If we do not even suspect, there is no reason to gather evidence and look for clues. We carry out investigations to uncover knowledge we do not yet possess, knowledge of things hidden. If there is nothing hidden; if we do not even suspect that there are things hidden; there will be no reason to carry out investigations.
But it is not sufficient that we suspect there is something hidden; our suspicion has to include some general idea as to what this something is even if this general idea is vague and imprecise. For example, are we looking for some action by the gods or are we looking for a set of natural laws in our attempt to quiet our suspicion? The search for evidence and the search for clues will depend on which we suspect to be the case.
It is permissible to suspect more than one thing before we gather evidence and search for clues. A person has been found dead. Is it murder or is it an arranged suicide? We may not want to rule out either. But we cannot suspect everything under the sun. That would be casting the net too wide, making the gathering of evidence and the search for clues impossible.
We do not; in an investigation certainty increases as we advance——that is, as old clues lead to more and more new clues. If as a result of a number of suspicions more and more new clues are found, it is (more and more) likely that the suspicions are well founded.
No, we are not prejudging the outcome. In an investigation we need a large number of clues if we are to reconstruct those structures we want to know. We look for evidence so that we can find in it the clues required. If we suspect the wrong things; if for example we suspect murder when in fact it is suicide; whatever we will find when looking for evidence will not contain enough clues to allow us to reconstruct a non-existent murder.
But over and over again people are sent to prison for crimes they did not commit!
This shows how much more careful we should be when carrying out investigations and how important it is that we should understand the Art of Detection. One wrongful conviction is one too many. To prevent wrongful convictions we all need a better understanding of this complex Art. People sometimes think it is a simple business making a decision based on evidence. The Art of Detection tells us it is not. In carrying out an investigation we do not just fit the evidence into a conclusion arrived at beforehand or afterwards. Instead, we have to find clues in the evidence and see where these clues lead. Suppose person P is seen running away from a crime scene. Suppose also that blood stain is found on this person matching the blood type of the victim. Around these two pieces of evidence we weave a story showing that person P is responsible for the crime. Does this mean P is really responsible? The story ‘explains’ why P was running away. The story also ‘explains’ how the blood stain got on P. Is this sufficient? The Art of Detection tells us it is not. The Art of Detection will ask, are there sufficient clues to allow us to reconstruct what happened? Are there sufficient clues to tell us things could not have been otherwise? Following clues is very different from spinning a story to explain some ‘evidence’ (see also answer to What is the Small Steps Principle?).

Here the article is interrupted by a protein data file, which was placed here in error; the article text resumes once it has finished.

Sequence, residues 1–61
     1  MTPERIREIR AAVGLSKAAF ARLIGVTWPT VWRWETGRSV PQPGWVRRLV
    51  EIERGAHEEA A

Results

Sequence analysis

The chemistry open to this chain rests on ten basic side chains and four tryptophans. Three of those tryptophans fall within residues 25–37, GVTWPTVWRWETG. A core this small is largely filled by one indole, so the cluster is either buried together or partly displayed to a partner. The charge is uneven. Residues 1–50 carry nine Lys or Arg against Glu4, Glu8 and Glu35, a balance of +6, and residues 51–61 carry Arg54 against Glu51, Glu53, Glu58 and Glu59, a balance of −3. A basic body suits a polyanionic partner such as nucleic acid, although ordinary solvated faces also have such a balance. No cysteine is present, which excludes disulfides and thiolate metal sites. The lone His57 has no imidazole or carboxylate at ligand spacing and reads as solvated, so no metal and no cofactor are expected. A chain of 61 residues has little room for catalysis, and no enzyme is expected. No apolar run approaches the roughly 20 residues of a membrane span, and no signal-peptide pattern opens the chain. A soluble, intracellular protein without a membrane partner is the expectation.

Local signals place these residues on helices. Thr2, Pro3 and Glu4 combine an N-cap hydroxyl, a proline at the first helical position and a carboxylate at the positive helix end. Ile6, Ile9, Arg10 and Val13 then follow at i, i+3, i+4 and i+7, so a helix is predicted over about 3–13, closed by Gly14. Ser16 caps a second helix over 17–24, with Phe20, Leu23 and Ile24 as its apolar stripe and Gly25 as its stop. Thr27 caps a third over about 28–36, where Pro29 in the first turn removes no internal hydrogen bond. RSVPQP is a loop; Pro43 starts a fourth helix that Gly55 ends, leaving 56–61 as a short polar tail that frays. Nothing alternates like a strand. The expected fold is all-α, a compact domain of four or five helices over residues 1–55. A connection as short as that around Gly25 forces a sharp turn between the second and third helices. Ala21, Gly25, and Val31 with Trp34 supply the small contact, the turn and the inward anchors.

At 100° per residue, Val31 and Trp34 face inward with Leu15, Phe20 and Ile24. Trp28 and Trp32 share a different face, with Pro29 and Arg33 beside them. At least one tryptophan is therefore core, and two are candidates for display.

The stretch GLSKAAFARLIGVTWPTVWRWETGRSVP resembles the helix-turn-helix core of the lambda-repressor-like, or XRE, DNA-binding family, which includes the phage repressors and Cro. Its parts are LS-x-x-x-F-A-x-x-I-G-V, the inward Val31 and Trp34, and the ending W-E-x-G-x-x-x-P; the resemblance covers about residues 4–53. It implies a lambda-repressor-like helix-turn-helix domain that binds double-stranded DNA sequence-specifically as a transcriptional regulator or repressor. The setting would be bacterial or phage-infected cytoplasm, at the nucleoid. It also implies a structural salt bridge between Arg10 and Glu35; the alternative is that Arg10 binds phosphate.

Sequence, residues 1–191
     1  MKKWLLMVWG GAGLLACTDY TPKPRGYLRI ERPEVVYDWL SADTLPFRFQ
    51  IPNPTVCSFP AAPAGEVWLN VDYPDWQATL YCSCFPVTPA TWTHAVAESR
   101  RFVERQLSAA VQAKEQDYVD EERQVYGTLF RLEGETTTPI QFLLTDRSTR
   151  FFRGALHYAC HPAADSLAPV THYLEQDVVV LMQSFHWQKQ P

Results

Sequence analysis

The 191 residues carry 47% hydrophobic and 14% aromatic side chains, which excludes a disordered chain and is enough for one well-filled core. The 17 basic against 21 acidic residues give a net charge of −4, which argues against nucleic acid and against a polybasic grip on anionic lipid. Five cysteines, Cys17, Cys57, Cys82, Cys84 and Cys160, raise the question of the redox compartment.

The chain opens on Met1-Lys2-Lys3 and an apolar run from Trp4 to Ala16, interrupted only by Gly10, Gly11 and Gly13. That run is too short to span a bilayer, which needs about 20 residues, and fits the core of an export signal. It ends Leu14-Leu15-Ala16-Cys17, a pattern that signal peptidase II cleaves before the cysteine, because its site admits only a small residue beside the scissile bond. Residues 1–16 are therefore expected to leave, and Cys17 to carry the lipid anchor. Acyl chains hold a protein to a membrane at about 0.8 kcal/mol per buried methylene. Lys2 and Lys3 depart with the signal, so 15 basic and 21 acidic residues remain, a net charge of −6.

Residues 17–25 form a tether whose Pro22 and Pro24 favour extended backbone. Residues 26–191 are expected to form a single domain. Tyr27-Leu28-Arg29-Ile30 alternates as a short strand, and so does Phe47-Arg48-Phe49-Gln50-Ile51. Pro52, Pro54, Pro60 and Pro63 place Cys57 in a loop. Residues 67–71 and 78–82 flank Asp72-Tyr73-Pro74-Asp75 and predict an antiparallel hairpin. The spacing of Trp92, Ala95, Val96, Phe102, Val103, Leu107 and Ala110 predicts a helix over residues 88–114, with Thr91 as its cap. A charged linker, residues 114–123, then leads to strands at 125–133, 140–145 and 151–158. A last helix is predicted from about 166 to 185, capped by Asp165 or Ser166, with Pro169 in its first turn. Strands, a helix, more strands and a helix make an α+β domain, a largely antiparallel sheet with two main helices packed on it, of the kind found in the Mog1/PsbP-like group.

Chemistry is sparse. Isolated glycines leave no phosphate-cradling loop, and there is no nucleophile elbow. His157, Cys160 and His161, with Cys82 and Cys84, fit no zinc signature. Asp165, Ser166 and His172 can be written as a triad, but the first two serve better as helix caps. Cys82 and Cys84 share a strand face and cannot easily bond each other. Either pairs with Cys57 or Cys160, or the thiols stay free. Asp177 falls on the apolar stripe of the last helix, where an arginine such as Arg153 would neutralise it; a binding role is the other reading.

If resources permit, it is better to collect as much evidence as we can as early as we can. There are a number of reasons:
1. In an investigation we need clues and clues are usually hard to find at the beginning of an investigation. If we have a large body of evidence at this stage it makes the task of finding those clues easier which will set the investigation on its way. With a large body it is easier to notice patterns and unique occurrences, which are often clues. If the body of evidence is too small patterns will not appear and the determination of uniqueness will be impossible for lack of comparison.
2. The evidence we collect sometimes contains errors. For example, an intercepted cryptogram could contain transcription mistakes. To find clues in a body of evidence containing mistakes we need a larger body than normal. But since we do not know how much mistake there is, it is better that we collect more evidence than less.
3. In some investigations evidence not collected in time will deteriorate and even disappear for ever. This often is the case with evidence needed in solving crimes. Archaeological evidence provides us with another example of this sort.
It is not absolutely necessary. So long as the evidence we have provides us with enough clues to set the investigation going, this for the moment could be sufficient. As we find out more, we will be clearer as to what additional evidence we need. We can look for this additional evidence then, assuming it is still available.
In an investigation we like to collect as much evidence as we can as early as we can. But in the early stages of an investigation we know very little. This is why in collecting evidence we so often include material irrelevant to the investigation and miss out on relevant material. The collection of evidence at the early stages of an investigation depends largely on our assumptions and suspicions. Since these tend to be vague and imprecise our judgment as to what is relevant and what is not will not always be as good as we would like it to be.
Incomplete evidence will not present a major problem so long as we have enough to provide us with sufficient clues to set the investigation going. Clues can lead to new clues. As we know more we will know what additional evidence we will need.